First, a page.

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Lucio Yaxón Guarax / Kyra Sell / Laura Cwiertnia

Interview: The Past Is Not Forgotten – Nim Alae, Musician and Protagonist of the Film "La Isla"

As a child of the civil war, Guatemalan musician Lucio Yaxón alias Nim Alae has rapped about the violence and against forgetting. For the documentary "La Isla - Archive of a Tragedy" he wrote the theme music and reported on his work in the former National Police Archive. In 2005 over 80 million documents were discovered there. They provide information about the crimes committed over 36 years of civil war.

What is behind the name "La Isla"?

This is what the archive was called during the dictatorship. Back then it was primarily a secret prison where the National Police tortured or "disappeared" prisoners. Whenever someone was picked up or disappeared without a trace, people said "he was brought to the island."

When the place was later discovered by accident, it was soon clear that it had to be La Isla. This was ultimately confirmed when a woman recognized it. She was a former guerilla who had been held and tortured there by the police. She was able to flee though and discovered that she had not been held somewhere outside the city, and had been inside the police station the entire time.

You were one of the 160 people who helped evaluate the documents. How did you get involved?

I was there from the very beginning. I had worked on another project with victims of the civil war. When the archive was found by chance in 2005, the alarm was sounded immediately and all the employees from social organizations and movements were asked to pitch in. The documents needed to be secured as quickly as possible so they could not "disappear". But back then it was not yet an institutionalized project, so we started as volunteers. Later when financial support came in from Switzerland and the USA, we were paid.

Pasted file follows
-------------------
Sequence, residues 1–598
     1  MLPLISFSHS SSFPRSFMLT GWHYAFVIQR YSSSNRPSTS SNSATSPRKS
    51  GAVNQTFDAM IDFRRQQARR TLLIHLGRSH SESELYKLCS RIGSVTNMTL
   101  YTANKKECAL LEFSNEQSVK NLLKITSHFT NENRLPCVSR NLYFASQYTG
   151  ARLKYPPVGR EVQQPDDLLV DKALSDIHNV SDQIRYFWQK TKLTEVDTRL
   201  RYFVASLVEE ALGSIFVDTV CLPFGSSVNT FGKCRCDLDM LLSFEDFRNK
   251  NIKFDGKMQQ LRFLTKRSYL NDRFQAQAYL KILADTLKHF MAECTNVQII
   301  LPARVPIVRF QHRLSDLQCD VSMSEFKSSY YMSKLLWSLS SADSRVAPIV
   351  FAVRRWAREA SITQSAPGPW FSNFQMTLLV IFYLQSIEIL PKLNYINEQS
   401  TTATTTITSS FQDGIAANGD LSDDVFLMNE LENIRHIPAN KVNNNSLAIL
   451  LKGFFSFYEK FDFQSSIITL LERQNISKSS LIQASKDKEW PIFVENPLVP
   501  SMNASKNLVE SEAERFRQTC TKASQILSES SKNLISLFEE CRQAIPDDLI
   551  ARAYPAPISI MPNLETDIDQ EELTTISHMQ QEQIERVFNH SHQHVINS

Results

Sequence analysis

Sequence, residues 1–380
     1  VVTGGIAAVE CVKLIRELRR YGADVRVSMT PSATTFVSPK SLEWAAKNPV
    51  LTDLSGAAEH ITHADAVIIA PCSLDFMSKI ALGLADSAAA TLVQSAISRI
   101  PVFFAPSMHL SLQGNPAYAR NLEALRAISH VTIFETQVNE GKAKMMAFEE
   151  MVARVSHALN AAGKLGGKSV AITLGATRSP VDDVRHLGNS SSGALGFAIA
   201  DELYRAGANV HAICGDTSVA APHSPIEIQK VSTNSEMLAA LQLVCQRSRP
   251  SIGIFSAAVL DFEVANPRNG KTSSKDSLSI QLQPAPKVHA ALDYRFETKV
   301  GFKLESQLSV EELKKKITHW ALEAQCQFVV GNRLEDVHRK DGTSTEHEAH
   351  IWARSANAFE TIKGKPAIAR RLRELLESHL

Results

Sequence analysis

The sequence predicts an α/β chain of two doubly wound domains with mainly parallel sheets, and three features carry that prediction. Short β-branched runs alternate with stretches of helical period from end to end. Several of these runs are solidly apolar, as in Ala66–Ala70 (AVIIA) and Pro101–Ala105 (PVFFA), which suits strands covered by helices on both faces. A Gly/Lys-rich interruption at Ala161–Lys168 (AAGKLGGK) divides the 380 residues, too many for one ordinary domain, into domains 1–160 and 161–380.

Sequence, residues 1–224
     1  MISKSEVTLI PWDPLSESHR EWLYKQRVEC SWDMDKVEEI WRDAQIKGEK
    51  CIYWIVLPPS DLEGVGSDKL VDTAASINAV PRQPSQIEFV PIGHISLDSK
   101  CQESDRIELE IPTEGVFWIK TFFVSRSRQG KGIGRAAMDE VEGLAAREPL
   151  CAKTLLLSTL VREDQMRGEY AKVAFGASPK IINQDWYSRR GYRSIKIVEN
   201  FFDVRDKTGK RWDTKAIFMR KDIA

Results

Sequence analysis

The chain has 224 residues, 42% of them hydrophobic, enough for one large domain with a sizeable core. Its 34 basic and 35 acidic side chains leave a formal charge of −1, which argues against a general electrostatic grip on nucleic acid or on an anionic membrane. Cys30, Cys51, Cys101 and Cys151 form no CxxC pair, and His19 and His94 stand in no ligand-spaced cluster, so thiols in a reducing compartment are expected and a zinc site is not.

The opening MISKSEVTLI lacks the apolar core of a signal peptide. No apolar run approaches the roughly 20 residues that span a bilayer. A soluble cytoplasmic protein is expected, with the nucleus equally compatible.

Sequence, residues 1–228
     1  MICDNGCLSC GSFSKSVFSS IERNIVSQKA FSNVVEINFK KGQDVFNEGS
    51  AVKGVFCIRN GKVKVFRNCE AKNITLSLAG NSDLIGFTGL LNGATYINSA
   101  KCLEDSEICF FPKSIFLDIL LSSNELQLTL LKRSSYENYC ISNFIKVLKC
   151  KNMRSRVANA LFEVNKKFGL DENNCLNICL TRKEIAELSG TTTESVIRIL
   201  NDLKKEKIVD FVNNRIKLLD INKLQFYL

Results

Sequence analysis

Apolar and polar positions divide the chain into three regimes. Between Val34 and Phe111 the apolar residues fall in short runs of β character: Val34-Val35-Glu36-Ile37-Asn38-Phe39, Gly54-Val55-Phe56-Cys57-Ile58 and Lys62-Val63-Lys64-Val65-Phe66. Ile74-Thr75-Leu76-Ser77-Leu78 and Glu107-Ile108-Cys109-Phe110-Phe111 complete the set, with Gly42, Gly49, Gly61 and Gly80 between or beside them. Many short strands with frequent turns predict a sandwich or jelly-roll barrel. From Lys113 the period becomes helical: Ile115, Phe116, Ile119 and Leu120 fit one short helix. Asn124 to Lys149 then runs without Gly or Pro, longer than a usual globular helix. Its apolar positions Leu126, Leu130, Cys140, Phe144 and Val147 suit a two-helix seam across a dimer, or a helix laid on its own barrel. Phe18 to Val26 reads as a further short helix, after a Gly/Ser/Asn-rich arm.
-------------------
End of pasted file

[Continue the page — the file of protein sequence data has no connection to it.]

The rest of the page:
What exactly needed to be done in the archive?

I did a little bit of everything. Many of the documents needed to be cleaned and restored. We had absolutely no experience here, so we created our own methods. Then I worked in research for a time. The National Police Archive was huge and its organization was complicated. Important documents kept showing up, particularly about well-known people from the 80s. Our job was to search everywhere for similar papers. But the poor and chaotic state of the documents meant we would find nothing for weeks, then something would show up by pure chance. It caused us a lot of headaches

What motivated you personally to work in the archive?

The most important thing for us was to find proof. Information about what happened to all the "disappeared". This was a way of making the archive a place for the families of the victims above all. By now we even have a database where you can enter the name of your relative and it will tell you whether something has been found about them in the archives.

You are one of the protagonists of the film and you wrote the theme music. How did Uli Stelzer get the idea to approach you?

I meet Uli in Guatemala through a friend. He knew my history and had heard of my music. He was interested in a boy who had lost a lot in the civil war and left his village for the city to make music there. But initially I didn't listen to him. I thought "he is just a dumb foreigner, what is he going to achieve?" But then I realized that the film would be about something special, about a critical confrontation with Guatemala's past.

So the film has personal significance for you?

I think it was one of the most personal things in my life. Bringing myself to talk about my past, my family, about what happened, was hard. We recorded a very long interview, but in the end I decided what was shown in the film and what things I did not want others to hear about. But I identify myself even more with the song I wrote for the film than with the film itself. The lyrics especially mean a lot to me.

"The past is not forgotten" according to the theme song. Have you written music about the civil war before?

All my lyrics are about it. Not just about the archive, but about the dictatorship, the situation in Guatemala today and the youth gangs.

You have worked a lot with youth gangs in the past. What inspired you to do so?